Red Dot Scopes vs. Reflex Sights

Red Dot Scopes vs. Reflex Sights

The eyes have it

By Dennis Adler

The Tanfoglio Gold Custom CO2 model and the 9mm centerfire model are competition guns designed for mounting optics. The optics of choice is red dot sights, either scope designs, or HUD reflex style. While scope-style red dot sights are more than 40 years old, as evidenced by this c.1983 Aimpoint Mark III mounted on the Tanfoglio’s rail, the concept has changed very little since Aimpoint developed the first red dot sights.

Why doesn’t a newer design make an older one so outmoded that it simply ceases to be relevant as a consumer product? I think the answer lies not only in the product but the longevity of its role in the consumer marketplace. This applies to just about everything including firearms and airguns. In fact, about the only place that this theory fails to prove itself is in communications and technology. I mean who would want to walk around today with a Motorola Dyna TAC? Same for early portable computers, sometimes new technology makes old technology into an anachronism. Not so with older airguns, which, even in the face of newer designs, still maintain their allure like many older centerfire and rimfire pistols and semi-autos. read more


Sig Sauer P226 X-Five Open and BSA RD 42

Big Optics for Competition Practice

Train like a pro with the Sig Sauer P226 X-Five Open and BSA RD 42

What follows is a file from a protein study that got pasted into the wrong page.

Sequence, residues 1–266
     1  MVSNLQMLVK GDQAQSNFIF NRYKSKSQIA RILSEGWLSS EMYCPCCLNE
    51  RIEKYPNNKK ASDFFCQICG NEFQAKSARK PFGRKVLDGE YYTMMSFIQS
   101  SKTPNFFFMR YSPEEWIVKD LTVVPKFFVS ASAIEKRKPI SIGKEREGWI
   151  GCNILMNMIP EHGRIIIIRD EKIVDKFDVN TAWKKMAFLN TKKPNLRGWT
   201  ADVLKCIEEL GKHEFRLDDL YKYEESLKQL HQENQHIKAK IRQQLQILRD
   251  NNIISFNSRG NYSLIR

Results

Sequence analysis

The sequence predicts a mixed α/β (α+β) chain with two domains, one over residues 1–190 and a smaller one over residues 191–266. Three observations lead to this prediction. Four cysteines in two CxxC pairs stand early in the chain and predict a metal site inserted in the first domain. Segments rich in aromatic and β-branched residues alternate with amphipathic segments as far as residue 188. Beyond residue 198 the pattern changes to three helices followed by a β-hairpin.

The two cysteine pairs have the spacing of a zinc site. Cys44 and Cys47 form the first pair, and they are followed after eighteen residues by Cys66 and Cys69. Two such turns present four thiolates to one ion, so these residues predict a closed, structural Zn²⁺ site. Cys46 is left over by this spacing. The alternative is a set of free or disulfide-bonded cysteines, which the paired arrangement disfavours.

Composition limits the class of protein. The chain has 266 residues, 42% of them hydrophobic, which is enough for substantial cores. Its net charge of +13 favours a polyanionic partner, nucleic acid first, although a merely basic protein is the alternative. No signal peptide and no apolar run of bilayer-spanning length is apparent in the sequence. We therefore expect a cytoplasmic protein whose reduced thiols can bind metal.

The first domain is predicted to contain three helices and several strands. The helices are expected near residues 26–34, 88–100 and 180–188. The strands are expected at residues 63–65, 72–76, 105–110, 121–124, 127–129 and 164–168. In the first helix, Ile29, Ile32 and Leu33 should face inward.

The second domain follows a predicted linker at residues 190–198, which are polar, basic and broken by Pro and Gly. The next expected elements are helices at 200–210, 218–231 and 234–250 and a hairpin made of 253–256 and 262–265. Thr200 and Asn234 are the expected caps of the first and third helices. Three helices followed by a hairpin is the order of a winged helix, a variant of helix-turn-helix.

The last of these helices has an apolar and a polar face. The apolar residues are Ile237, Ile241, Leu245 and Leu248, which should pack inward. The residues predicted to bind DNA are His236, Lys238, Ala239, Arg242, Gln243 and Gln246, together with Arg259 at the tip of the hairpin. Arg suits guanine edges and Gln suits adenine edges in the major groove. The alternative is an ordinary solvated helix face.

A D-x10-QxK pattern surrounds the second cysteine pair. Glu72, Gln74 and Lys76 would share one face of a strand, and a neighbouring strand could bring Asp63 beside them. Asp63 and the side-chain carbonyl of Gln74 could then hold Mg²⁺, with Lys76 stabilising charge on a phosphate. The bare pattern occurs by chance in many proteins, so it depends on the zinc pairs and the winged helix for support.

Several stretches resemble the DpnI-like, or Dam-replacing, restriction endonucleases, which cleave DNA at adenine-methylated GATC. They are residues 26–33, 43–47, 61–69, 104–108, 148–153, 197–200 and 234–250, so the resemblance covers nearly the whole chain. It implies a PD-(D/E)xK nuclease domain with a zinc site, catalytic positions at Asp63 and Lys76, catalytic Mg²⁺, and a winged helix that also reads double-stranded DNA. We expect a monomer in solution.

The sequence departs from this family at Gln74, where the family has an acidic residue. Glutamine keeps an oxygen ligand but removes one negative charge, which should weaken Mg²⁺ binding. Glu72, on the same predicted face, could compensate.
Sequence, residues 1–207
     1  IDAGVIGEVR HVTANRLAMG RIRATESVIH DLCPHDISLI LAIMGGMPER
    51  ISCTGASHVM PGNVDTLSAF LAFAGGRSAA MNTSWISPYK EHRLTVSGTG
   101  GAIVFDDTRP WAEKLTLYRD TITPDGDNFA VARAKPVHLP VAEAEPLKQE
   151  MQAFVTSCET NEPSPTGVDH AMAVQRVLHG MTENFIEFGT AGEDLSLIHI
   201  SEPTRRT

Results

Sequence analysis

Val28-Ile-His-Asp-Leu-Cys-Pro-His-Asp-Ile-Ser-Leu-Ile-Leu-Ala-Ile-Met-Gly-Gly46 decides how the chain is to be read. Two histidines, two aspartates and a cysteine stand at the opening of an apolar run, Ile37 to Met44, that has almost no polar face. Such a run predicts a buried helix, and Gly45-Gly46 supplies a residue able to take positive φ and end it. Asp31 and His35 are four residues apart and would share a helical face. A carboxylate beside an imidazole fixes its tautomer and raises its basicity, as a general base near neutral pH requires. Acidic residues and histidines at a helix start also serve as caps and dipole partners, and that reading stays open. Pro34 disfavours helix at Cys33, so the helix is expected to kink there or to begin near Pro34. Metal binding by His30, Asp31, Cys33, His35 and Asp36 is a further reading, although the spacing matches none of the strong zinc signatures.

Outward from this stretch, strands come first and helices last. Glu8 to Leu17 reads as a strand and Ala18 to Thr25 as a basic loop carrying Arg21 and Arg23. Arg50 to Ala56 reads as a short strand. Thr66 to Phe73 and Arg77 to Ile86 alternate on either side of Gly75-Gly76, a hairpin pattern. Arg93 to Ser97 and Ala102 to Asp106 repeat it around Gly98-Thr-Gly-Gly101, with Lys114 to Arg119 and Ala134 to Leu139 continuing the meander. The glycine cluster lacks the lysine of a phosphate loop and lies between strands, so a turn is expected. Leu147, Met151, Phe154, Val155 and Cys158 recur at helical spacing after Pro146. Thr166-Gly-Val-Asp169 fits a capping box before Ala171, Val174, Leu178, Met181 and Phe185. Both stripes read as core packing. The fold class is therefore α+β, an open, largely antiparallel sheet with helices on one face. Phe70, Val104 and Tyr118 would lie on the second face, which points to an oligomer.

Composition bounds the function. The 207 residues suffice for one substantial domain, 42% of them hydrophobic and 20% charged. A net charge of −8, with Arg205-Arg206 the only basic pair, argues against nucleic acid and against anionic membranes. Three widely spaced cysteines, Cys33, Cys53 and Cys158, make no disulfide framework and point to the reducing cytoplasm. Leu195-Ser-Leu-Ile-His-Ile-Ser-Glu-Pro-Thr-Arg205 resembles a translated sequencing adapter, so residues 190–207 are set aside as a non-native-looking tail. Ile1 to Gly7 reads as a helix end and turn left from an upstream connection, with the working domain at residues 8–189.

By Dennis Adler

The BSA RD 42 adds a little more weight to counter the slide’s recoil and the much larger 42mm ocular lens is considerably faster to pick up for each successive shot. It makes the Sig Sauer P226 X-Five CO2 model a more accurate target pistol at 21 feet.

Most competitive shooters in Bianchi Cup, IPSC, USPSA, IDPA, and ISSF, (which includes 10 meter air pistol competition), will use optics on revolvers and semi-autos (depending upon the Division). The choices of optics vary from Mini Reflex sights, (which are mounted to the top of the slide on a recessed mount, or on an optics bridge), to larger red dot scopes. Mini Reflex sights have become the most popular, but many competitors still like the larger objective lens of a round red dot scope. Outside of competition shooting, Mini Reflex sights have also found their place in law enforcement, military and even civilian CCW use because of their small unobtrusive size. A growing number of semi-autos are also coming from manufacturers with modular optics systems (MOS) built in. The MOS design uses an interchangeable mounting platform that fits into a section of the slide that has been machined out. Competition gun builders call this a “melt.” It is intended to keep the optics mounting plate flush with the top of the slide, and thus lower the optics height to be more in line with the bore. While this is now the most often seen pistol design in Open Class Division shooting, many competitors, including some world champions, still defer to larger red dot scopes. In the last test of the Sig Sauer P226 X-Five Open, the gun was equipped with the Walther MRS, which is a reflex sight, though not as small as the C-More Systems STS used on the Tanfoglio Gold Custom in Airgun Experience No. 77. This time the combination will be the Sig Sauer P226 X-Five Open and BSA RD 42 red dot scope. read more